The story of the meeting of Jesus with a Samaritan woman is meaningful on many levels. One feature of it seems to me to suggest a model for inter-faith dialogue.
The Jews and Samaritans in Jesus' time were a bit like Christians and Muslims today – worshipping the same God, but deeply divided and disassociated from one another.
When the woman started feeling uncomfortable with what Jesus had to say about her personal life, she decided to change the subject. Religion was a safer topic! So she said, "Sir, I see that you are a prophet. Our ancestors worshipped on this mountain, but you say that the place where people must worship is Jerusalem". This was a stock point of controversy between Jews and Samaritans.
The answer Jesus gave was to raise the whole question to a higher level: "Woman, believe me, the hour is coming when you will worship the Father neither on this mountain nor in Jerusalem ... the hour is coming, and is now here, when the true worshippers will worship the Father in spirit and truth".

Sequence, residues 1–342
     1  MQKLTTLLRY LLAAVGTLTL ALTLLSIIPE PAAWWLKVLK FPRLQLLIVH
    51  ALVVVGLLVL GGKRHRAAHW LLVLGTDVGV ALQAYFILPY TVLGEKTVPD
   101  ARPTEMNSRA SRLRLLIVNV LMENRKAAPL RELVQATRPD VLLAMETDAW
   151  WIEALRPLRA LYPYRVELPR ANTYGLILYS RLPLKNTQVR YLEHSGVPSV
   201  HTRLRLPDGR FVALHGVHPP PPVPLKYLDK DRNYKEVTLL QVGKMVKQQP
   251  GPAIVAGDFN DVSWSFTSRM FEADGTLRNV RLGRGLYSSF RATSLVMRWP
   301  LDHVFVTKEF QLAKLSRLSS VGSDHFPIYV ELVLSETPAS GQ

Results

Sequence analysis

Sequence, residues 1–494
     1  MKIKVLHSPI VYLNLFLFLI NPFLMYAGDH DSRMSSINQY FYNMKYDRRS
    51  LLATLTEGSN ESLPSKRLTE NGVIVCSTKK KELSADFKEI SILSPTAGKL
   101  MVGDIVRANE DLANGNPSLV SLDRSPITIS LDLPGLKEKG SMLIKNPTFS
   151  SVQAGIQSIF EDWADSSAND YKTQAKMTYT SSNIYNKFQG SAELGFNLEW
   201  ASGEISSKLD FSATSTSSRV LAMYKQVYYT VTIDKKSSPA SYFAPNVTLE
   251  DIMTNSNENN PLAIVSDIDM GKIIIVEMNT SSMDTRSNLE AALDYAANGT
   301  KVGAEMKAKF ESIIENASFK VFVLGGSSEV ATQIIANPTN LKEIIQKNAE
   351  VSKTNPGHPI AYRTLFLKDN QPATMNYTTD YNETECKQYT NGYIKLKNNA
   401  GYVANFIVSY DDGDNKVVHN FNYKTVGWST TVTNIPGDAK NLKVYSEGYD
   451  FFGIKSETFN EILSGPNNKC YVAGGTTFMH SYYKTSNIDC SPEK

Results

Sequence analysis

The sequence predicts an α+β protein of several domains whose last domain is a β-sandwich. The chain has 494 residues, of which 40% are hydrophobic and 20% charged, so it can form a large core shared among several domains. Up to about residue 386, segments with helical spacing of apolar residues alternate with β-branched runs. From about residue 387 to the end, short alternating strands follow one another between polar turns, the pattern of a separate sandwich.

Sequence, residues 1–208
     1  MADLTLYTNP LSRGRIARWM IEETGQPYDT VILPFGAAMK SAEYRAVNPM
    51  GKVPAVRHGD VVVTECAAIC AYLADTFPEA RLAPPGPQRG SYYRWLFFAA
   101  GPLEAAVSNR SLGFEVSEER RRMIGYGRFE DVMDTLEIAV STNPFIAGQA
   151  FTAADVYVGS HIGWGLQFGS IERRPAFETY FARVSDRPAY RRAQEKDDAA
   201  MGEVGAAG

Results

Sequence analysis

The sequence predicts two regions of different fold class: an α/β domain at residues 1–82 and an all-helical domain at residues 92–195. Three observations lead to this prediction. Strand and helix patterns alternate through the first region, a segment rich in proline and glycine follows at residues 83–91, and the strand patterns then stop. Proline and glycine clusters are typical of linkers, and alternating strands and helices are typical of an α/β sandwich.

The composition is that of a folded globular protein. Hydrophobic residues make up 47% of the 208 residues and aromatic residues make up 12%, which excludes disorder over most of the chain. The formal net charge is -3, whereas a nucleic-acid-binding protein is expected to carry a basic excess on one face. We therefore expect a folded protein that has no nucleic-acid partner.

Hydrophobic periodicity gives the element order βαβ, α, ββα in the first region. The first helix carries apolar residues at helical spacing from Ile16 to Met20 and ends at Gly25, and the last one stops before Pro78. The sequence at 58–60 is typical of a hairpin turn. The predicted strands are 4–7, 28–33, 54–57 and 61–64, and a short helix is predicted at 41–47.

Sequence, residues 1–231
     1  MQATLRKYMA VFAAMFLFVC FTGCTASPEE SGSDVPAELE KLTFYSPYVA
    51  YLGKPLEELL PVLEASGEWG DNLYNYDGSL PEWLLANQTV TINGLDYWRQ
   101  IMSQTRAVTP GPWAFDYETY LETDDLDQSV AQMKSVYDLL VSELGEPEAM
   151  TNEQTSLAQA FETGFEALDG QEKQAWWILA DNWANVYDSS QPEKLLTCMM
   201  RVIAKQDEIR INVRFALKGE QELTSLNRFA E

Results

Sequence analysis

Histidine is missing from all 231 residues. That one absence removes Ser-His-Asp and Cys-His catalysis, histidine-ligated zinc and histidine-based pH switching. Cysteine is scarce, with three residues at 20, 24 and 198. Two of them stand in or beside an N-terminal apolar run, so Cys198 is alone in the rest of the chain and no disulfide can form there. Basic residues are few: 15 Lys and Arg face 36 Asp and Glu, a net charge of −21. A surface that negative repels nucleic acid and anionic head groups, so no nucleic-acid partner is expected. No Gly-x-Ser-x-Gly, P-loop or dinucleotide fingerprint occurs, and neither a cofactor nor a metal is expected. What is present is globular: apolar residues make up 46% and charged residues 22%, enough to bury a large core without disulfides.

Jesus seems to be saying that what matters is not where people worship God but how.
Perhaps the equivalent controversial question Muslims raise with Christians is something like this: "We Muslims believe in Jesus as a great prophet, but you Christians say he is the Son of God."
I wonder whether the best response would be that the real question is: how close are any of us to the spirit of Jesus? Are we in the end judged on what we believe about the nature and status of Jesus, or on whether we follow him?